Advice to a Patient Seeking Bariatric Surgery

10 Aug 2006

The following letter is reproduced with permission from Obesity Surgery. “Advice to a patient seeking bariatric surgery", OBESITY SURGERY, Vol 14, No 4, pp. 563–564.

It is not easy finding a primary care physician; it is more difficult finding a specialist for a particular problem. It is important to choose carefully, for your life may depend on it. How does one choose? Even physicians face this dilemma from time to time. During my training at the Hammersmith Hospital, London Postgraduate School of Medicine in the 1950s, I attended a symposium on the subject of colon and rectal cancer. One of the sessions was devoted to the choice of operation for rectal lesions, and the debate centered on the level of the lesion at which anterior resection could be performed safely and with prospect for cure: was abdomino–perineal resection superior? On the panel was the Professor and Chairman of the Department of Pathology who was a wise and seasoned doctor. When he was asked his opinion, he answered by stating that if he were the patient, he would choose his surgeon carefully by personal knowledge and recommendations of his clinician associates. He would leave the choice of operation to the surgeon to decide based on the surgeon's experience and the findings at operation. He would want him to have a quiet evening before the operation, and he would make him promise not to televise the procedure!

In regard to bariatric surgery, there are now several different operations facing the prospective patient. The jejuno–ileal bypass is obsolete; it may, however, have a very limited indication in the 800lb individual as a first stage procedure to obtain enough weight reduction to enable conversion to a gastric bypass a year or so later. The JI bypass was replaced by the gastric bypass introduced by Edward Mason in 1967. John Alden introduced stapling to the procedure in 1977, making the operation easier and therefore safer. In due time, numerous alternatives were introduced, among them stapling the stomach leaving a gap in the staple–line, vertical banded gastroplasty, biliopancreatic diversion, duodenal switch, gastric banding and adjustable gastric banding. In the past several years, all of these operations have been performed laparoscopically, adding another decision to the mix.

I am aware of patients who have changed surgeons while deciding which procedure to choose, who have come to grief as a result of that change. A 35–year–old truck–driver who was very stocky, extremely overweight and suffered from sleep apnea was advised by the first surgeon whom he consulted to lose at least 10% of his weight to make the surgery that much safer for him. He was impatient and found a surgeon who had had a modest experience with bariatric patients who operated on him at his presenting weight. There were numerous complications immediately postoperatively, and he died in hospital. The first surgeon's opinion regarding preliminary weight loss, expressed in a letter to the primary care physician, was subpoenaed in the malpractice trial which ensued and which the operating surgeon lost.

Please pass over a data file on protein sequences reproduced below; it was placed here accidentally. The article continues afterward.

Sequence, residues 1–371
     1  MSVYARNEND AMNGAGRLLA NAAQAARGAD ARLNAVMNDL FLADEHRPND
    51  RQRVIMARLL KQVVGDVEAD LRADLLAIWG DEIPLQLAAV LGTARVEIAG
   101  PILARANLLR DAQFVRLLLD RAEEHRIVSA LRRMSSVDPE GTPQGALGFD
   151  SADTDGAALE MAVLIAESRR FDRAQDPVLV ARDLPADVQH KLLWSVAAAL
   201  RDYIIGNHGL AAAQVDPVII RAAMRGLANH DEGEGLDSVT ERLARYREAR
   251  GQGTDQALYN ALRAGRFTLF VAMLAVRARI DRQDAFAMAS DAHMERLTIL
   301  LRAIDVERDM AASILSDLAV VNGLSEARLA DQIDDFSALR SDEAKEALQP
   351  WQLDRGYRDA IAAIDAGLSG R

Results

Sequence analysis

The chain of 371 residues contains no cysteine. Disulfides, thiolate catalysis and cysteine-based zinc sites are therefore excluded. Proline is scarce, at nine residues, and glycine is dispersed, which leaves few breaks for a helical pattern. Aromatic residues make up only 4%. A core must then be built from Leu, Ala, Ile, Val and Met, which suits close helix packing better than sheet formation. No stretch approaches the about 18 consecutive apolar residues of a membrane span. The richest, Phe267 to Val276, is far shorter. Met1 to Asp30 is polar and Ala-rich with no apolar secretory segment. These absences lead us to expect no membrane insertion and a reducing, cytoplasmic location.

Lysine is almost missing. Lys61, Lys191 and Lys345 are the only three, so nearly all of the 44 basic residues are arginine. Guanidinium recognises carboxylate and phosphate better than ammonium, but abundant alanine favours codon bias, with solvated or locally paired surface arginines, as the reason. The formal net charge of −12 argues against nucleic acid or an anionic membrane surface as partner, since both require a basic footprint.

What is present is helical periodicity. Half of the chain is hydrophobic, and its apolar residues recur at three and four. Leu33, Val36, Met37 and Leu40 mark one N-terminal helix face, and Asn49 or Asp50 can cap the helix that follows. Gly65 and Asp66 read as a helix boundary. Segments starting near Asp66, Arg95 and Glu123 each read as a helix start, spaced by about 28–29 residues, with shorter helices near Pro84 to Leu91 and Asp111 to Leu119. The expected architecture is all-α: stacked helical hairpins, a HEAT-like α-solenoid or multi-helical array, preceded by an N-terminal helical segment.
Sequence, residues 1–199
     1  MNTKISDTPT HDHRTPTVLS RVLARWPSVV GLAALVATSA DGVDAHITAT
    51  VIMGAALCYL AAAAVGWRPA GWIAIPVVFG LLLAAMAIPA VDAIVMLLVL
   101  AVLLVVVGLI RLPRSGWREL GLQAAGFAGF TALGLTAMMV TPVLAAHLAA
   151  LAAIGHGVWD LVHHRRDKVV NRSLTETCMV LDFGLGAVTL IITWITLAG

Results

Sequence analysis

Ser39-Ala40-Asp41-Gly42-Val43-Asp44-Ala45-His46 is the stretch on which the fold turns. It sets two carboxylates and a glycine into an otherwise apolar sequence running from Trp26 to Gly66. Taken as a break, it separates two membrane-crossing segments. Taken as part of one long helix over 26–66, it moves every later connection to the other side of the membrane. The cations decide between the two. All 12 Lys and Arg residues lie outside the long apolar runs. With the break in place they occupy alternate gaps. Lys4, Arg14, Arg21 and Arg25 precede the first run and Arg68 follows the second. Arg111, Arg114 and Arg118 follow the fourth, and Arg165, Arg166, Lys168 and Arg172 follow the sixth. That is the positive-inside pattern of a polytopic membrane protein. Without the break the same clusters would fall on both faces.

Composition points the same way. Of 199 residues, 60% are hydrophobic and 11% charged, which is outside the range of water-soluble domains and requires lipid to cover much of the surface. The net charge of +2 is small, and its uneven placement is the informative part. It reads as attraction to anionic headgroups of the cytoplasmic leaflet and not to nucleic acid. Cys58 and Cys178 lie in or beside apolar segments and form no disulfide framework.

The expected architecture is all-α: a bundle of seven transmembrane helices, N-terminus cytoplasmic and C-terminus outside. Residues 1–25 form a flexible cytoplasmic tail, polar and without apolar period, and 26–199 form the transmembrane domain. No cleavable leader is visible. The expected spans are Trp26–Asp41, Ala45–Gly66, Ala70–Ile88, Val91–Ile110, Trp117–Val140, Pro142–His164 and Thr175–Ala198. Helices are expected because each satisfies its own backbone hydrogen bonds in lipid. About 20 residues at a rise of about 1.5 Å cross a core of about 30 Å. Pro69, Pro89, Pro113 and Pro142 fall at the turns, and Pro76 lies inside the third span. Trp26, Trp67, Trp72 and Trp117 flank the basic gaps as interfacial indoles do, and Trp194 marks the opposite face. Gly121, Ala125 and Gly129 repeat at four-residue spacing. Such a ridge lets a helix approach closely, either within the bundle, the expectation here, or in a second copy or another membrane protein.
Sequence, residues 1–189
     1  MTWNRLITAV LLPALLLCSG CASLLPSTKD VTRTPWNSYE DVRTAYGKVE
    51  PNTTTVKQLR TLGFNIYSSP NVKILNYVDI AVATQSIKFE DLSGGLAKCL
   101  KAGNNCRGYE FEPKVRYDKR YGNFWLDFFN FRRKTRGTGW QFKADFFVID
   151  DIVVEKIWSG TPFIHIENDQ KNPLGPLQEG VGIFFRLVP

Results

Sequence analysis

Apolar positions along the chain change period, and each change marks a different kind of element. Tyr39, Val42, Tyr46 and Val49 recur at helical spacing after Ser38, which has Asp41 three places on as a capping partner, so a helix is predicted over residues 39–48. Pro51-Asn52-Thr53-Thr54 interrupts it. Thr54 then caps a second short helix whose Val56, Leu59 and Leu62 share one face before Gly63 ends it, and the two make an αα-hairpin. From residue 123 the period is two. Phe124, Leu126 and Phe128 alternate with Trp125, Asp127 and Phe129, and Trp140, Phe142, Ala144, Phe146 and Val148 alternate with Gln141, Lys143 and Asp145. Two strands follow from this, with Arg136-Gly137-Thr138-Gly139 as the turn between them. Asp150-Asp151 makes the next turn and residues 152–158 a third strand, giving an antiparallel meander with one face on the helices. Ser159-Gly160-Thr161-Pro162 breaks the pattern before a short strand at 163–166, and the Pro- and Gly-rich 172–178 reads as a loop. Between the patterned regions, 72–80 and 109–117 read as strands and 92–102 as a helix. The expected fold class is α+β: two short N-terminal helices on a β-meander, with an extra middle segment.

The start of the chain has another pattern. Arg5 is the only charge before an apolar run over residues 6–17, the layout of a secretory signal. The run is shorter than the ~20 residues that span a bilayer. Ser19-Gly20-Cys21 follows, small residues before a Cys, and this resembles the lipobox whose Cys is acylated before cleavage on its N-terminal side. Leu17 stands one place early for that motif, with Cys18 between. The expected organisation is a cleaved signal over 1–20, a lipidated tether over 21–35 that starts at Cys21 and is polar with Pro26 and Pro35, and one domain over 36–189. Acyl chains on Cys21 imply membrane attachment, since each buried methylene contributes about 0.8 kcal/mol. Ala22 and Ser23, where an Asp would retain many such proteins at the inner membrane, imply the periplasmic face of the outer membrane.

Another patient consulted a very seasoned bariatric surgeon with an excellent track record who suggested, because of her super–obese size, that she undergo an open gastric bypass. She chose instead to have a laparoscopic procedure, which “would be less painful and would provide a speedier recovery” by a surgeon with much lesser experience. The operation went badly and she died on the table from complications. A third patient was accepted by her surgeon, who had been involved with bariatric surgery for a considerable time and had many hundreds of successful patients. He was planning an open Roux–en–Y gastric bypass, his operation of choice. Her insurance carrier, presumably to reduce costs, directed her to a surgeon who had a modest experience with bariatrics, to undergo a laparoscopic gastric bypass. She developed complications from the operation which were not diagnosed early, and she suffered a very prolonged stay in hospital requiring several additional procedures. After about 3 months, her insurance benefits ran out and she had to be transferred to a county facility to undergo additional operations to close fistulas and ostomies.

My advice to the patient seeking bariatric surgery is as follows. Make sure you choose a reputable surgeon who has had a significant experience in the field; try to stay local (close to your home). Ensure your surgeon(s) will be available at all times after the operation, because complications do occur even in the best of circumstances. Enquire about support groups which can be very helpful and request referral to other patients treated by the same surgeon. As to which operation to choose, the experience of the surgeon is paramount. Having chosen the surgeon with whom you are comfortable and whom you trust, be advised by him/her as to the operation that has produced the best results in his/her practice. Remember too that the surgery, combined with regular exercise, is only the BEGINNING of a life-long change required for a good and sustained result.

Basil R. Meyerowitz, MD, FACS
Hillsborough, CA, USA